The area that is seeing the biggest hikes for individuals in 2015 is Fort Collins. For 2014, Kaiser Permanente’s lowest silver plan for a 40-year-old non-smoker was about $233 per month. That’s going up to about $264 per month.
The story is much the same in Greeley.
Meanwhile the HealthOP is pressuring the market as the low-price leader across the state. In Greeley in 2015, the HealthOP will charge $221 per month for silver plans for 40-year olds. That’s down from about $289 for this year.
The Colorado Health Institute analysis found that the HealthOp is “making its presence felt” across the state.
“The Colorado HealthOP offers the lowest-price plans in every metal tier and every market in which it participates, with three exceptions, based on sample rates for a 40-year-old non-smoker,” noted study author Joe Hanel.
“Rocky Mountain HMO came in below the co-op’s price for an individual silver plan in Rocky Mountain’s home market, Grand Junction. And Kaiser offered slightly lower-cost gold plans in its small group markets in Fort Collins and Greeley,” Hanel wrote.
He noted that the HealthOP launched with the help of a $70 million low-interest federal loan under the Affordable Care Act.
“Colorado HealthOP is still a new player, and the question is whether its pricing is sustainable after it repays the loan,” Hanel wrote.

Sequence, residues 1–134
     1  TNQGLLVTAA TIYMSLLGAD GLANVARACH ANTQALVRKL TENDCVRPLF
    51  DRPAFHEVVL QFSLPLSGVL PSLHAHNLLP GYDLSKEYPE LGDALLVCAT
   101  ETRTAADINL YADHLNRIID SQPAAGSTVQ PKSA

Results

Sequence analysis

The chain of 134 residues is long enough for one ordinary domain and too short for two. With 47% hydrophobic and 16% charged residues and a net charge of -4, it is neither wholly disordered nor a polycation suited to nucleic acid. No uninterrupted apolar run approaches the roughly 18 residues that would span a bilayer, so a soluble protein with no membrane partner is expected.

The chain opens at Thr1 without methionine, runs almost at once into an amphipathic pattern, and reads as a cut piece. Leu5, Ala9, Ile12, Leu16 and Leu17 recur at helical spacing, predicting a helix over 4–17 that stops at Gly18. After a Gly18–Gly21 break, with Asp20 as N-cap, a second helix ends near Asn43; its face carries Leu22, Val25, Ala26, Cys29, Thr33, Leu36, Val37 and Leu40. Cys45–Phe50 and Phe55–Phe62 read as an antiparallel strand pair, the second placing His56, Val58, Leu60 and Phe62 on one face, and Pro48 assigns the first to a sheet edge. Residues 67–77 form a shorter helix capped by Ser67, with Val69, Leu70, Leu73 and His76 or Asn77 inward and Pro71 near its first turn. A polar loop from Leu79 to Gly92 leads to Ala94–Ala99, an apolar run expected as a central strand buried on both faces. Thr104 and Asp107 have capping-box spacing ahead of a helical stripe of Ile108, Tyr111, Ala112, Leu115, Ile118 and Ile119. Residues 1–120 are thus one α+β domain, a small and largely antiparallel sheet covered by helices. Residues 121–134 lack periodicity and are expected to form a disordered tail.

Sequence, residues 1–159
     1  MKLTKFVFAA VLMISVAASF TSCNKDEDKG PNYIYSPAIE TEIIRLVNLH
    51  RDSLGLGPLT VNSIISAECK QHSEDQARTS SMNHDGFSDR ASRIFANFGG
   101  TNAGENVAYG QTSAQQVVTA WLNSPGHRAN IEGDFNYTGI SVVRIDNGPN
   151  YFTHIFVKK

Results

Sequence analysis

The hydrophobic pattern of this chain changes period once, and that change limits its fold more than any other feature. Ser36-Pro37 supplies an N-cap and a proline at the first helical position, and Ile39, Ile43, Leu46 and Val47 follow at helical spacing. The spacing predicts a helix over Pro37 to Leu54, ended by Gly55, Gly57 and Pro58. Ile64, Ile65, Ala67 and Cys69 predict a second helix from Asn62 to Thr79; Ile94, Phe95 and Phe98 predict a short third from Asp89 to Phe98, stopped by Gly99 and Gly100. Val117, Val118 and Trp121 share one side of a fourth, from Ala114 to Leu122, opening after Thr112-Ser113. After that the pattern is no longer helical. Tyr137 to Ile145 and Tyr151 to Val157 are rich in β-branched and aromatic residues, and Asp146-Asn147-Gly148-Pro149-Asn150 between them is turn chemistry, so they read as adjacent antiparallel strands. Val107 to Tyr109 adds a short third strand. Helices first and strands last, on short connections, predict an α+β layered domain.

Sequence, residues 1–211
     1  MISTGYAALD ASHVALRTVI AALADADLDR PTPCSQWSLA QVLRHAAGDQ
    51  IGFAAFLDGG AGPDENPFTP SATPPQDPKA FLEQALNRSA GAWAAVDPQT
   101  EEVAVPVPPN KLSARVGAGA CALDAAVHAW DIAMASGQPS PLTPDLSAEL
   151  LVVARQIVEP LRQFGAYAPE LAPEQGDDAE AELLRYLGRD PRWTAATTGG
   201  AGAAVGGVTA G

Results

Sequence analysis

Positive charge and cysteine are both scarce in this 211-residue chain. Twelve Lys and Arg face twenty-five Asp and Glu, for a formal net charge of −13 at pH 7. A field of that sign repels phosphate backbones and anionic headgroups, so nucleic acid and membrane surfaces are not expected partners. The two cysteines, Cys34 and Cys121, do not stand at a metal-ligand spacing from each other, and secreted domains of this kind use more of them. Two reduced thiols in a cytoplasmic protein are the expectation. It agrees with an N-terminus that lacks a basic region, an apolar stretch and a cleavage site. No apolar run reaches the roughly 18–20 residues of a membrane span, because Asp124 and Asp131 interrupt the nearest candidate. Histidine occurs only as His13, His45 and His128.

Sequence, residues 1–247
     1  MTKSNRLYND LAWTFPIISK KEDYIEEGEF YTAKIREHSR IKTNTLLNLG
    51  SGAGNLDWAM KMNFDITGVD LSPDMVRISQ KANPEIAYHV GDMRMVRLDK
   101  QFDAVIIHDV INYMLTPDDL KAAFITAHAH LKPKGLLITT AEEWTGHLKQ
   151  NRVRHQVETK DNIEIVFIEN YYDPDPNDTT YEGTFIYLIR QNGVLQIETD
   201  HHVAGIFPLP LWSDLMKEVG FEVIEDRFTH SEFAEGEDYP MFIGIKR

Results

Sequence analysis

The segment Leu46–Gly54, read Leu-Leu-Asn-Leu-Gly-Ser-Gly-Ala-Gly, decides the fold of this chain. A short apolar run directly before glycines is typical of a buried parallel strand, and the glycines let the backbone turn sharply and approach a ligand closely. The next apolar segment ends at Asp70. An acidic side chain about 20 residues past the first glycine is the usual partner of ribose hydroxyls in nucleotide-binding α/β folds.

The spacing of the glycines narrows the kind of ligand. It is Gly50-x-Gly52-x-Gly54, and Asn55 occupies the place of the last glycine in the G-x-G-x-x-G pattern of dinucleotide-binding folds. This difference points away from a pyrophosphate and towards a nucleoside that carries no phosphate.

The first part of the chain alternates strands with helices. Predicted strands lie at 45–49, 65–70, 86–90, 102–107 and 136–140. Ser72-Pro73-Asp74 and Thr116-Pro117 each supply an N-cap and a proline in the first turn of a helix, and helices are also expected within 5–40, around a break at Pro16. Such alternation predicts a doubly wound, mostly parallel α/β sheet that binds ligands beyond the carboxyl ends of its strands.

Vince Plymell, a spokesman for Colorado’s Division of Insurance, said there’s good news in rates, but he encouraged consumers to be careful as they sift through plans.
“People have to dig through the details as they’re shopping,” Plymell said.
The Division of Insurance urged consumers to look beyond premiums and ask detailed questions. They offered the following shopping tips:
- Is your doctor or hospital of choice included in the plan’s provider network? Seeing an out-of-network doctor typically is more expensive.
- Lower premiums often mean higher costs when receiving care. Find out if there is a deductible and how much it is, as well as the out-of-pocket maximum. Determine what you would have to pay for a doctor’s visit.
- Find out about prescription coverage, especially if you need specific medications.
- Does the plan cover procedures you may need some day, such as back surgery, ambulance service, MRI scans or knee replacement?
- Consumers who have questions about their current plans should contact their insurance carrier, Connect for Health Colorado, their insurance broker or their employer.
“The statewide averages look good, but they’re made up of larger and smaller numbers,” Plymell said. “There are going to be people who see their rates stay the same, people who see increases and those who see decreases.”
He also said it’s too early to know whether problems with regional cost variations have been solved.
Altogether 16 carriers will sell health insurance to individuals while 12 will sell to small groups. Insurance Division regulators have been more aggressive in reviewing rates in recent years. Plymell said they pushed back on four carriers in the individual market and on two in the small group market.
“I think the hope is that we’ve arrested some of the larger increases that were commonplace a few years ago.”
For consumer advocates, the trends look good.
“It seems that the Affordable Care Act is working as intended,” said Adela Flores-Brennan, executive director of the Colorado Consumer Health Initiative. “Charity care (at hospitals) is going down and rates are not increasing at the same level as they have in the past. Those are all really positive signs.”